Department of Corrections

Department of Corrections

Phone: 
04 460 300

The Department of Corrections works to make New Zealand a better, safer place by:protecting the public from those who can cause harmreducing re-offending. Each week we manage 8,500 people in prisons and 30,000 offenders in our communities. Our 8,000 staff are committed to supporting offenders to help them address their offending and gain skills that will help them lead a crime-free life.

35 results found

Research projects

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Completed
2012
A formative evaluation of the 'Tai Aroha' residential community-based programme for high-risk offenders (2012). Since October 2007, the number of community-based sentencing options available to the judiciary increased. This led to an increase in the number of offenders in the community requiring rehabilitative interventions. Although the range of rehabilitative options increased, very few...
Completed
2012
This review covers: trends in youth offending in New Zealand, developmental considerations, interventions and youth offending, characteristics of effective programmes, and specific responsivity (2012).
Completed
Jan 2011
Prisoners serving sentences for sex offences make up around 20 percent of the New Zealand prison population on any given date. As a sub-group within the general offender population, sex offenders share a number of important characteristics. Awareness of those characteristics has relevance for understanding reconviction data of the type presented here. Firstly, victim surveys indicate that, of all...
Completed
Dec 2009
A substantial body of research evidence, known as the “What Works” literature, was influential in the design of the Department’s current sentence management framework.  This literature revolved around a number of key principles of correctional rehabilitation which, if adhered to in the design and delivery of services, would reliably lead to reduced rates of re-offending.  The principles...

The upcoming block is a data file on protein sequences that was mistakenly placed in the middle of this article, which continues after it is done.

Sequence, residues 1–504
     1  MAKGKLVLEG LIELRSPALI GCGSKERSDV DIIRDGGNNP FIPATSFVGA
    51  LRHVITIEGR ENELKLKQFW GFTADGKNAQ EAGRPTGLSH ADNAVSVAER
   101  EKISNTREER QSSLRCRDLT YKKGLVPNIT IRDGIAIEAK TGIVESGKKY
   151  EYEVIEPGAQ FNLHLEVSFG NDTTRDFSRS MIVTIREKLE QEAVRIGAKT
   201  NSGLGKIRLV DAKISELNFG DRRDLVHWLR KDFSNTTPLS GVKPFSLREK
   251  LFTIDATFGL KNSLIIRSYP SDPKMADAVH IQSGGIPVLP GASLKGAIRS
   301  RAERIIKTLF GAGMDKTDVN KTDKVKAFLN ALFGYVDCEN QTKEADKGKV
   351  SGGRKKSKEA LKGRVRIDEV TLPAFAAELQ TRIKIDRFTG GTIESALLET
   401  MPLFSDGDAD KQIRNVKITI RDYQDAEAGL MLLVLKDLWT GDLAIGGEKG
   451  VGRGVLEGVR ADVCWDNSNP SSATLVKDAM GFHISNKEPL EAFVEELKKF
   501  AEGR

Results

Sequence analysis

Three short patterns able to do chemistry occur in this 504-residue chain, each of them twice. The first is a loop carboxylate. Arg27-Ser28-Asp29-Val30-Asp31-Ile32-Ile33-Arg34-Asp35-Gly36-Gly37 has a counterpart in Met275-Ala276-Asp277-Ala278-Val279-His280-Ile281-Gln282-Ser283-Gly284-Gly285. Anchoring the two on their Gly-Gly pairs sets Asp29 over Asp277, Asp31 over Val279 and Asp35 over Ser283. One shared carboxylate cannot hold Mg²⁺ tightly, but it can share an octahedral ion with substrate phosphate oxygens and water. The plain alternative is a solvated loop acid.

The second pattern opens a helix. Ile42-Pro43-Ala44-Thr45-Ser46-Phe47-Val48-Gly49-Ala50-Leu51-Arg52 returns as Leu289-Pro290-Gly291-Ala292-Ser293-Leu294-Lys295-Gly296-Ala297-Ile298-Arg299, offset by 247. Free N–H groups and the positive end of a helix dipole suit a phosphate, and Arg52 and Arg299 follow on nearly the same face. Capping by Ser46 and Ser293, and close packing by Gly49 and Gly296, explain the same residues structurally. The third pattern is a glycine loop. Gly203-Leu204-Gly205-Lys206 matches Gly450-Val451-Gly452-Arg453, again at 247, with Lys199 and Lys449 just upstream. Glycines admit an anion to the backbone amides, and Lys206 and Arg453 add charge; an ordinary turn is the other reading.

Completed
2009
This report is the second in a series of reports which summarise patterns of reconviction (over 5 years) amongst almost 35000 offenders who started community sentences in 2002/03. Offender characteristics such as gender, ethnicity, age at start of sentence, age at first conviction, offence type and offenders’ previous criminal history are each examined with reference to reconviction and...
Completed
15 Sep 2008
Reducing re-offending is an important outcome objective for most correctional services. As such, measures of recidivism, particularly reconviction and re-imprisonment rates, are key indicators of those services’ performance. The data presented here are based on the “recidivism index” (RI) methodology used in the Department of Corrections’ (“the Department’s”) annual reporting of reconviction...
Completed
15 Sep 2008
I am pleased to introduce this report as it provides a wealth of information on re-offending patterns amongst released prisoners. The statistical information in this report is based on a cohort of offenders released from prison sentences in New Zealand over a 12 months period in 2002-2003. While there is no reason to believe that overall rates of re-imprisonment in New Zealand are worse...
Completed
13 Jun 2008
In 2006 the Department of Corrections was directed by the Government to investigate the use of Home Detention with respect to differences in the rate at which it was applied to Maori and Pacific peoples. This paper reports on the resulting study, which used data from Home Detention cases in 2005. It examines ethnicity-based differences in offenders obtaining Leave to Apply for Home Detention,...
Completed
13 May 2008
Māori are disproportionately represented in criminal justice statistics to an alarming degree. This paper attempts to shed light on why this is so. It examines the issue by considering the evidence for two different (though not mutually exclusive) explanatory approaches: that bias operates within the criminal justice system, such that any suspected or actual offending by Māori has harsher...
Completed
2008
This report summarises patterns of reconviction and imprisonment, over a 48 months period, amongst almost 35,000 offenders who started community sentences (Supervision, Community Work) and orders (front-end Home Detention) during the 12 months period 1 July 2002 to 30 June 2003. The analysis reveals important differences of reconviction behaviour of different sub-groups of offenders who...

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